Port St. Lucie, FL
Staying true to its motto, “A City for All Ages,” Port St. Lucie, Florida, is indeed a vibrant and diverse community. Being only two hours from Orlando, two hours from Miami and Fort Lauderdale, and three hours from Tampa also places it in the middle of many desired suburban locations and major attractions. It is a constantly-growing urban area but has not lost a feeling of the “real Florida" with its small-town atmosphere and avoidance of city traffic.
Port St. Lucie is situated on the Atlantic coast in the heart of Florida's Treasure Coast, which is the name given to the coastal regions of St. Lucie, Martin, and Indian River counties. The name commemorates a Spanish Treasure Fleet that was lost in a 1715 hurricane.
Incorporated in 1961, it has an area of 120.51 square miles, which is 118.89 square miles of land and 1.62 square miles of water. Residents and visitors can paddle the rivers, hike environmental preserves, ride horses on the beaches, and other outdoor activities. They can play championship golf or go to the Fort Pierce Jai-Alai, the "fastest game on Earth" at one of the few remaining Florida frontons.
The Port St. Lucie Civic Center is an elegant facility with 100,000 square feet dedicated to the hosting of social, business, trade shows in the Ruby Conference Hall, conferences, meetings, various classes, and numerous recreation and sporting events. The beautifully-appointed Emerald Ballroom and the Plaza Boardwalk outdoor patio area, overlooking a pond and fountains, is an outstanding setting for a wedding ceremony and reception or a prom or any kind of special family or corporate gathering. There is also an Art Gallery, an outdoor Martin Health System Village Square and Stage, a gym, and racquetball courts. The Center even holds a summer camp for the children.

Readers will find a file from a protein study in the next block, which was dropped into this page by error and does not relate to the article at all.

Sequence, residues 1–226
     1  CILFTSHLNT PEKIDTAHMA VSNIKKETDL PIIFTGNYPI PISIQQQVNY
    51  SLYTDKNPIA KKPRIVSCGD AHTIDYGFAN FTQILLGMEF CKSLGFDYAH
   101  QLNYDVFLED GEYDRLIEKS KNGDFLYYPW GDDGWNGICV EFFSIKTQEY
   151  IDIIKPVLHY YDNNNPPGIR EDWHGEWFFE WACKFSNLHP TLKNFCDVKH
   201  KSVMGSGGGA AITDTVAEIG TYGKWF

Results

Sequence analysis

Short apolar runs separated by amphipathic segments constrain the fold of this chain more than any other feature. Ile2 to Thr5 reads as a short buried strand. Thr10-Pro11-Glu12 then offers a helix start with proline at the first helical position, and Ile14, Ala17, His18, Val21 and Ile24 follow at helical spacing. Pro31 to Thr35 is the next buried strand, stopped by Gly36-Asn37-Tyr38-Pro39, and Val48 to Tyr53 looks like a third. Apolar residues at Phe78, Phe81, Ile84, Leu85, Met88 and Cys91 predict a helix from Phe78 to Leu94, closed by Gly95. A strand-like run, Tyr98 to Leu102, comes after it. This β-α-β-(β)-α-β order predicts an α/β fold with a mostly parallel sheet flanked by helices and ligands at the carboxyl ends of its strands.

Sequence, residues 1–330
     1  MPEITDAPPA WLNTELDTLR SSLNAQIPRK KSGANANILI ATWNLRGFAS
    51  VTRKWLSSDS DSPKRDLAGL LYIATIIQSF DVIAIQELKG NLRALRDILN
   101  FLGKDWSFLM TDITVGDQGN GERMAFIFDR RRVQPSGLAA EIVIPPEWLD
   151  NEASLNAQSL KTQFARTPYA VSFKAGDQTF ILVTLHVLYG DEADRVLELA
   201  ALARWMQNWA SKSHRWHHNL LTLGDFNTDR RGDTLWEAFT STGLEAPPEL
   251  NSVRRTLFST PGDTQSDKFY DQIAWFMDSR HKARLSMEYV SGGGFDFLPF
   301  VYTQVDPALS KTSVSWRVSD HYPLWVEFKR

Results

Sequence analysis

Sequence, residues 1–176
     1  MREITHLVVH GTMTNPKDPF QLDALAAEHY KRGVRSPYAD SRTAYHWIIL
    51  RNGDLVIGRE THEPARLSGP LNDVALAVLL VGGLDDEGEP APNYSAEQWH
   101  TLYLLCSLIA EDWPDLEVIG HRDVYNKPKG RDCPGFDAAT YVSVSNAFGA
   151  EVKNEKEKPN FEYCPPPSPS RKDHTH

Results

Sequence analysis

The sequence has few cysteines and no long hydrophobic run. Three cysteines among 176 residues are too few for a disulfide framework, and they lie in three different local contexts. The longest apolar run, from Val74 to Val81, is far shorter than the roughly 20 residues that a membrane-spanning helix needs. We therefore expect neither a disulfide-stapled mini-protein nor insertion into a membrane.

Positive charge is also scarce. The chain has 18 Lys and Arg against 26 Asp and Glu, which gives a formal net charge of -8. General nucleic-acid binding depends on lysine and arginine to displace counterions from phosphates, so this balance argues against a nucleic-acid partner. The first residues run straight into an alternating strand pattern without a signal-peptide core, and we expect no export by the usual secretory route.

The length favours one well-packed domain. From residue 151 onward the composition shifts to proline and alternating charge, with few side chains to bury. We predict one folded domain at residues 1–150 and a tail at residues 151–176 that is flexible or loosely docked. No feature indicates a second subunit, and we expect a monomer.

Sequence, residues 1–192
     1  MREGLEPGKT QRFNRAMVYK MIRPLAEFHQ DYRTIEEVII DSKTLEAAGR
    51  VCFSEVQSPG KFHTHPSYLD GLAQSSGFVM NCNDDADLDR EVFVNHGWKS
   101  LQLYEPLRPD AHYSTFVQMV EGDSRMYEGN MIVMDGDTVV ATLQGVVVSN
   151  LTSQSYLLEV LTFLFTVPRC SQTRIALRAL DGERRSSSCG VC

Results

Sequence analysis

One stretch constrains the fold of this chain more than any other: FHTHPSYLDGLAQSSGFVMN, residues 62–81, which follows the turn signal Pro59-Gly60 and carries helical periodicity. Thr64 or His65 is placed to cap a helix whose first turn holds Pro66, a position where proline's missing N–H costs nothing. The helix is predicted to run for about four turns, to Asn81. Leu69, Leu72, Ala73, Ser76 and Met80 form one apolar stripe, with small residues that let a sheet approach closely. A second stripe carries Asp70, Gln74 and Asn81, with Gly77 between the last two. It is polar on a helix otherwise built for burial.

The Treasure Coast Model Railroad Club opens on Tuesday evenings from 7:00 PM to 9:00 PM and on Saturdays from 10:00 AM to 12:00 Noon so that the public can go back in time and marvel at the remarkable and lovingly-recreated workmanship of model railroad enthusiasts. There are various setups by the builders of model trains and miniature towns with old-time depots and advertising signs. Club members tell lots of stories and spend time with visitors. No admission is charged, but they do ask for donations.
The JW Corbett Wildlife Management Area Trails near nearby Indiantown include the 1.2-mile Hungryland Slough Boardwalk and Trail where you explore the usually inaccessible cypress swamp. The trail begins in slash pine flatwoods. Along the boardwalk are a variety of trees and plants and 13 species of ferns. The Corbett portion is foot traffic only with no vehicles, bicycles, or horses allowed.